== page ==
But, you also earned 15% on the $326.92 that you invested on June 17th. In that case, you earned 15% in just 2 weeks! If you annualize that IRR, then you get 3686% (1.15^26-1).

When you annualize IRRs, compounding really matters.

The XIRR function is able to calculate the result of a multi-term polynomial that represents all 13 of the investments, plus the single positive outcome, in a mathematically correct blended IRR for the entire stream. That’s why you get 98.4%.

It does not mean your money doubled.

Note – if you play with the dates on the spreadsheet, you will get different numbers if you change any of the inputs by even 1 day. For example, if I make the last payment on 6/30 vs. 7/1, you get a lower number.

The point of this post was to illustrate the correct math, versus the math of the blog I was reading that day.

I have solved enough large, non-linear polynomial equations in my time to have faith in the XIRR function in Excel, when used properly. I also frequently use a calculator to multiply numbers, rather than doing it by hand.

If you are interested in this math, you should research online the basic mathematics of calculating returns on cash flows.

Adam

Hi Adam,

Thanks for publishing this analysis it has been an eye opener. I have two variations on the theme and would be grateful if you could analyze them.

First, my company’s ESPP cycle is 3 months (not 6). My guess is, this would result in an even greater IRR because the money is tied up for a shorter period of time – true?

Second, I wonder about a variation that takes into account the fact that taxes on gains will be lower if stock is held at least one year. Suppose I always sell after 366 days. This means that during the first year, I tie up my money longer, but in subsequent cycles, I basically keep selling as much as I buy. Could this mean I will suffer a lower IRR only in the first year (i.e. initial investment), but will attain 98% thereafter? Or does it mean that, realizing I would have 9-12 month’s worth of money tied up at any point in time (in the above mentioned 3-month ESPP cycle) I would screw up the whole IRR scheme by trying to save on taxes?

Thanks,

Dan

Adam I’d love to hear your thoughts on Dan’s 2 questions above as well.

Thanks!

Dan, Ian:

Your assumption is correct. When I adjust my spreadsheet for a 3 month time period, the IRR jumps to over 300%. Getting a 15% return in just 3 months is huge, so the effects are magnified exponentially from the 6 month case.

I haven’t run the calculations based on taxes, because there are so many complexities when it comes to tax code. Once you let the investment ride with the ups & downs of the market, it’s a very complicated analysis to figure out, on average, whether you are better or worse off, risk adjusted, waiting for the lower tax rate.

If you leave the money tied up for an extra 12 months, then apples-to-apples, the IRR will be much lower. Part of the reason the IRR appears so high is because that last paycheck contribution is only held up for two weeks.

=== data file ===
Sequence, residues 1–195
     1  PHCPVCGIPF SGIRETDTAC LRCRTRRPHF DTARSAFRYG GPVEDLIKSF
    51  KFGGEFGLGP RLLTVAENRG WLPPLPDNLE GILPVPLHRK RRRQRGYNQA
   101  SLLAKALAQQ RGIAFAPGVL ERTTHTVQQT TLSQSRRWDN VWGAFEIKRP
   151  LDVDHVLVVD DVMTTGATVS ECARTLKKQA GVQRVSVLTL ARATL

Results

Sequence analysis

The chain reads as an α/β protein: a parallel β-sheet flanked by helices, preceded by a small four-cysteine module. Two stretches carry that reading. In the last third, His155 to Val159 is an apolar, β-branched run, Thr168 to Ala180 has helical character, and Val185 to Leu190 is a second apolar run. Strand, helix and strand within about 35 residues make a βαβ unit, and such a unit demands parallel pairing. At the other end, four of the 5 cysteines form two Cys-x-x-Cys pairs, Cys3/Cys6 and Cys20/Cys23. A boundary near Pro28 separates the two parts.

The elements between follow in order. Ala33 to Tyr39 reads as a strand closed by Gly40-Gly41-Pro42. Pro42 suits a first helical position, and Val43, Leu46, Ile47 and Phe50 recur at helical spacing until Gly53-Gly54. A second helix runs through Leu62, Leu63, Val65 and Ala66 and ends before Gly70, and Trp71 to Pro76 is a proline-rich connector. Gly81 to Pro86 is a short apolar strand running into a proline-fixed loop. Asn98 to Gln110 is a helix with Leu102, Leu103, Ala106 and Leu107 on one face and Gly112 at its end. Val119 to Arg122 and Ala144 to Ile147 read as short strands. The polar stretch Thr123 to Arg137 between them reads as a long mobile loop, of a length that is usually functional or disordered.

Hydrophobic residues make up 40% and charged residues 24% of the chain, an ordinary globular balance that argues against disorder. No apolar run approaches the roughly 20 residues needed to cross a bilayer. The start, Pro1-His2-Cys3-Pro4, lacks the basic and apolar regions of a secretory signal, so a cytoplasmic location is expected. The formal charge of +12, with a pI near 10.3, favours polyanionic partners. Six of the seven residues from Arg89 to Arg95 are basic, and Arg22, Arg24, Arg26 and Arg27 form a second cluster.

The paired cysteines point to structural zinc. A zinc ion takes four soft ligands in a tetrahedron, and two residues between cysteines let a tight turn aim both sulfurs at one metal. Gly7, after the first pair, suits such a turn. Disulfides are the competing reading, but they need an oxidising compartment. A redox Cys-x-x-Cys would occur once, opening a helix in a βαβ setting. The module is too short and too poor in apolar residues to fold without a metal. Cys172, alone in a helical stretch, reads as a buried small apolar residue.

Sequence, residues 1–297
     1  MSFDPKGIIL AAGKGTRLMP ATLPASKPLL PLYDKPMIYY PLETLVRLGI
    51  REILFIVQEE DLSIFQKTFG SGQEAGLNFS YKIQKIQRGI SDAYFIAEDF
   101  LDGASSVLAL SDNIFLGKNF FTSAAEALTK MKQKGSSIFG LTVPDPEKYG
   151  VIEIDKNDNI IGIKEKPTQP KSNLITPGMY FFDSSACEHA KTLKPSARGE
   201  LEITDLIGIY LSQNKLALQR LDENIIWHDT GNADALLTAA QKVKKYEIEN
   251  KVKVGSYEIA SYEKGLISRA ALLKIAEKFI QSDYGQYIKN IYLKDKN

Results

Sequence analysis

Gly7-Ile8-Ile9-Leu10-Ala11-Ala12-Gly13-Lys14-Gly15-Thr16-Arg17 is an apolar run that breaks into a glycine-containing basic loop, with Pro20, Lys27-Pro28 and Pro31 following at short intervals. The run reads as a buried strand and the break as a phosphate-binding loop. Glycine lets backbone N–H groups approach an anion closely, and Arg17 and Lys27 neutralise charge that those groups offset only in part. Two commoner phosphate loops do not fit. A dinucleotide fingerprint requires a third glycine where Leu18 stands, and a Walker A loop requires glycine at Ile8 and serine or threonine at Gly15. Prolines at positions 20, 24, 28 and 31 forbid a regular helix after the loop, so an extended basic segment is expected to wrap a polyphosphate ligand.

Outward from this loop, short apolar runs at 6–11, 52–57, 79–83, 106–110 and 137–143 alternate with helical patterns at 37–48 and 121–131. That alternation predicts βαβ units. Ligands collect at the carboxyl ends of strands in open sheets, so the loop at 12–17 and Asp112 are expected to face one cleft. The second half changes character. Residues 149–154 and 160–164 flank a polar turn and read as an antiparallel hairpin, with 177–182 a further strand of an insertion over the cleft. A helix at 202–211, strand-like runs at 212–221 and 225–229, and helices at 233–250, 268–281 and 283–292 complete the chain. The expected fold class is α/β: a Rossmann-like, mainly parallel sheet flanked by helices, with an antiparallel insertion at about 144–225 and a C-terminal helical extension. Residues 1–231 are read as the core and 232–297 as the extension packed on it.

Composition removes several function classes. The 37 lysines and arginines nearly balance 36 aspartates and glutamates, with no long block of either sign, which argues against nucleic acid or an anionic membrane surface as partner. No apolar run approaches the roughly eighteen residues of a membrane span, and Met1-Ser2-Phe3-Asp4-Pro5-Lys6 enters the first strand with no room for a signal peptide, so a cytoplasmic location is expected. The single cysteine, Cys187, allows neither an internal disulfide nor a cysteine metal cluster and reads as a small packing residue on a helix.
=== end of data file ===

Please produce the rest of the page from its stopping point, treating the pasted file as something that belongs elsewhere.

Hope this helps.

Adam

Adam,

I am curious as to when an employer actually purchases the shares & how is the employer guaranteed market closing price? Do they purchase the shares in advance or during entire 6 month cycle?

For example:

(6 months cycle):

starting price:120(01/01/08)

ending price:100(06/30/08)

Employer purchase price:100.

Employee purchase price:85(15%)

In the above case, did the employer buy the shares from open market on 06/30/08 at 100. If so, how? The price could have varied all day before it closed at 100.

Patil,

I am not 100% sure, but I believe that ESPP programs are allocated out of a pool of stock already owned by the company, so there is actually no market transaction, just a transfer of ownership. They use the market price at end of day as an arms-length value to ensure fair pricing.

So there is no possibility of disconnect.

Adam

Hi Adam,

I just wanted to add a counter-point to this article. It’s a few days (years?) late, but Google never sleeps. 🙂

I consider it a bit disingenuous to use “IRR” in this situation. If you consider cash flows for the period in question (1yr), every “investment” made into the ESPP is getting a literal 17.65% cash return.

After the 6mo’s is up, each penny invested is now worth 1.1765 of itself* (*plus interest). After the end of 1 year, every penny is still only worth 1.1765+interest. Timing does not apply because you have to consider each investment as the start of a single 1-year period.

It doesn’t matter that my last paycheck gets its 17.65% in only two weeks; because after 1 year’s time, the actual return is still only 17.65%+interest.

Let’s do a true example year. In a 1-year period (starting from date of first deduction), you will have invested 4250*2=$8500. The first return gives you $750, plus 6mo’s interest (5%/2) on the whole balance. The second return gives you 750. That’s total cash-flows of 10,125.

So, $1625 in new cash earned in a 1-yr period. With 8500 used to get that, that’s 19.12% actual annual return.

This is the actual, valid, annual rate of return that someone can expect in this ESPP situation. This is what people should consider when deciding to invest in their ESPP. After 1 year (or better, 2 years, the usual offering period) of investing in their ESPP, they will still only be getting an actual annual return of 15%-20% (plus price volatility gains).